# Apply L'Hôpital's Rule on the given limit?

Hi everyone! I know why this isn't zero (because obviously 0 can't be in the denominator), but I thought maybe it is supposed to be 3, which I haven't tried yet, but when I put it into the calculator, I don't think that's right now either... can someone help me figure it out and give an explanation on why it is whatever the answer is? Relevance
• When x is small sin x = x- x^3/6+ .... Put it, You get

3x^3/(-x^3/6)=-18. You can use l'Hospital rule

3x^3/(sin x-x) take first derivative, You get 9x^2/(cos x -1). When x=0, denominator goes to 0. Take one more derivative.

-18 x/sin x. Take one more derivative. You get -18/cos x. Now put x=0. The answer is -18. This is what you get. You have to repeat till the denominator is not 0.

• L'Hopital's Rule says that if you have a limit of a fraction that is inf/inf, -inf/-inf, or 0/0, then the limit as x approaches a number is the same as the limit of the numerator's derivative over the denominator's derivative.

lim x→0 of 3x³ / [sin(x) - x]

so if we get the derivative of both halves we get:

f(x) = 3x³ and g(x) = sin(x) - x

f'(x) = 9x² and g'(x) = cos(x) - 1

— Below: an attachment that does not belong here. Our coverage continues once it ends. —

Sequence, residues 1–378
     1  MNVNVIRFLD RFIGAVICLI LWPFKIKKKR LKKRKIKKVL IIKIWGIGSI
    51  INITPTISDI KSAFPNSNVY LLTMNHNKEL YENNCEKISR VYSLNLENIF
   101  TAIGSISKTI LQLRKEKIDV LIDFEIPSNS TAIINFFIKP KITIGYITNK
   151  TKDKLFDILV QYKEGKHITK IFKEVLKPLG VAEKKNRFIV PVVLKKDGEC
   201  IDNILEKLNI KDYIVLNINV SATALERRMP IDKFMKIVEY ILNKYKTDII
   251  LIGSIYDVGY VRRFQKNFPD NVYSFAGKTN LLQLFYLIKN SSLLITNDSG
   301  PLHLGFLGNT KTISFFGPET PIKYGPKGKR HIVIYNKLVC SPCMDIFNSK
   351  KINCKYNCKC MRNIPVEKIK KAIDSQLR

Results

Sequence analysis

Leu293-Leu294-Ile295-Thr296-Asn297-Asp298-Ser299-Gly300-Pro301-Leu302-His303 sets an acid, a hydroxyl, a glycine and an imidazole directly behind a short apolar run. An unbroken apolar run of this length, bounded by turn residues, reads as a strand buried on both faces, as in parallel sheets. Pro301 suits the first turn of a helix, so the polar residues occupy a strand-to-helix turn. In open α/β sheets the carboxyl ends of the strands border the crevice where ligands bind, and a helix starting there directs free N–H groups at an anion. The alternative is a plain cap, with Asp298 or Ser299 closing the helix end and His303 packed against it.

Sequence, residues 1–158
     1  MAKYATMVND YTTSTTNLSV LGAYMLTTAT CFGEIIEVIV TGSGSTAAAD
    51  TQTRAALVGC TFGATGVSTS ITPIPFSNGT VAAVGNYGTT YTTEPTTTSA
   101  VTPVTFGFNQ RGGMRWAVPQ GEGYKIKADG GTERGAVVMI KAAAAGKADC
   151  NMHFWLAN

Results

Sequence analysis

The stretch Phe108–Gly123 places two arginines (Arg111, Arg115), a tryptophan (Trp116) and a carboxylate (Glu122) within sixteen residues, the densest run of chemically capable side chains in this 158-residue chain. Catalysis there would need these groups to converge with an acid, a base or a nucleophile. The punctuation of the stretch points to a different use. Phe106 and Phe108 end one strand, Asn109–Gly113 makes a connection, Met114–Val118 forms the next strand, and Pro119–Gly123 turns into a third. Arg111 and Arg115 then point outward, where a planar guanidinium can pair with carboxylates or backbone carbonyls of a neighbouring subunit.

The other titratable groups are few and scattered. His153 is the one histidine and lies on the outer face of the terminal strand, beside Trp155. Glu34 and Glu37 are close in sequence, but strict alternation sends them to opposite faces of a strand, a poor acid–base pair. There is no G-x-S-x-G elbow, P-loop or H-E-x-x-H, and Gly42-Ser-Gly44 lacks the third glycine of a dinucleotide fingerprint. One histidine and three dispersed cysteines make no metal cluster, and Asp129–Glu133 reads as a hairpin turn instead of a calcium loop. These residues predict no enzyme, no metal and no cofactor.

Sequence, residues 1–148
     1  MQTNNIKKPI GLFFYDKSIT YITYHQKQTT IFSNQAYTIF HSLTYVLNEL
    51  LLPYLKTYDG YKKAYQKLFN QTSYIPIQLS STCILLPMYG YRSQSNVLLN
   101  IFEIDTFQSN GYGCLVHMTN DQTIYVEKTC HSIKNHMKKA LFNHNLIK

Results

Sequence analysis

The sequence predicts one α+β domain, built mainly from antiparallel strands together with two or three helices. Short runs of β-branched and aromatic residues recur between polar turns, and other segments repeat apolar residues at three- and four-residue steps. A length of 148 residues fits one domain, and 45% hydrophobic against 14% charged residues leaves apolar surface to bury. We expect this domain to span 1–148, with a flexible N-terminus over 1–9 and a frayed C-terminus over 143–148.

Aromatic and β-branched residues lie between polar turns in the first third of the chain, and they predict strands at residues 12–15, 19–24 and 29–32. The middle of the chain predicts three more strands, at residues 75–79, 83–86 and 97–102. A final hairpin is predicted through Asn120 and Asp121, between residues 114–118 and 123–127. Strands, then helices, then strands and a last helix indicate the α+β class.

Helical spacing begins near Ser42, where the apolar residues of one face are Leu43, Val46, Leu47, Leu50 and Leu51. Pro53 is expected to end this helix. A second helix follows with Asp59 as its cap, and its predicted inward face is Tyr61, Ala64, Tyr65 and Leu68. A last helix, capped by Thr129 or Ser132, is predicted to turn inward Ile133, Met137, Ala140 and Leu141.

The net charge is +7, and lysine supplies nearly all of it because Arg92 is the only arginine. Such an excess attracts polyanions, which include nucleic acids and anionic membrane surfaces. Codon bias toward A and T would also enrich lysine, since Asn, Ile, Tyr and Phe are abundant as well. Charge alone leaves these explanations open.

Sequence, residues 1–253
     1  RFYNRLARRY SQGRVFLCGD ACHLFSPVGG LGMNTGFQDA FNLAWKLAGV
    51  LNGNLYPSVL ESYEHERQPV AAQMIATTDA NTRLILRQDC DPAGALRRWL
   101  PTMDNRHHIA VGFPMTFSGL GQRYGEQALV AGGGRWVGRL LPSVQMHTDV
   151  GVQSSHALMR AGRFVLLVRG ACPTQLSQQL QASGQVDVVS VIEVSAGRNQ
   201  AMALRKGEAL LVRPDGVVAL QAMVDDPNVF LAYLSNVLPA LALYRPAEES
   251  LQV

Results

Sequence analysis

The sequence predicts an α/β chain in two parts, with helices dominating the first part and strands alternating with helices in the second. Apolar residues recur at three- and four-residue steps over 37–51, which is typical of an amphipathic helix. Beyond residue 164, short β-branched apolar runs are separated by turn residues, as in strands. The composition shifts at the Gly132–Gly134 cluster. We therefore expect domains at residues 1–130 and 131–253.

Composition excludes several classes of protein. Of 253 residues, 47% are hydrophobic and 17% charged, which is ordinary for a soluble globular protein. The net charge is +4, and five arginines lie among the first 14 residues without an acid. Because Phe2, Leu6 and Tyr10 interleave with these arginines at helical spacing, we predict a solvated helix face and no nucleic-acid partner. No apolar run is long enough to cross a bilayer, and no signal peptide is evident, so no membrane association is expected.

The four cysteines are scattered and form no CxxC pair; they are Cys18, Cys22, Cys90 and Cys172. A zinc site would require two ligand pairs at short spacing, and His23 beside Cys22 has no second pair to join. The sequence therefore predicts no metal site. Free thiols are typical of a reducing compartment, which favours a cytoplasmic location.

So the limit of:

lim x→0 of 9x² / [cos(x) - 1]

Since it gave you the numerator, I think that it just needed you to get the expression in the denominator, even though that will also result in a denominator of 0.

Since this is still results in 0/0, we can get the derivatives again:

f(x) = 9x² and g(x) = cos(x) - 1

f'(x) = 18x and g'(x) = -sin(x)

Now we'll get:

lim x→0 of 18x / [-sin(x)]

lim x→0 of -18x / sin(x)

Which is still 0/0.  Get the derivative one more time:

f(x) = -18x and g(x) = sin(x)

f'(x) = -18 and g'(x) = cos(x)

Now we get:

lim x→0 of -18 / cos(x)

And this has a value:

-18 / cos(0)

-18 / 1

-18

But again, I think the answer the question is looking for is that first derivative:

cos(x) - 1

• so do it one more time  3 x³ / [ sin x - x ] --> 9 x² / [ cos x - 1 ] ---> 18 x / [ - sin x ] ---> - 18 since sin x / x ---> 1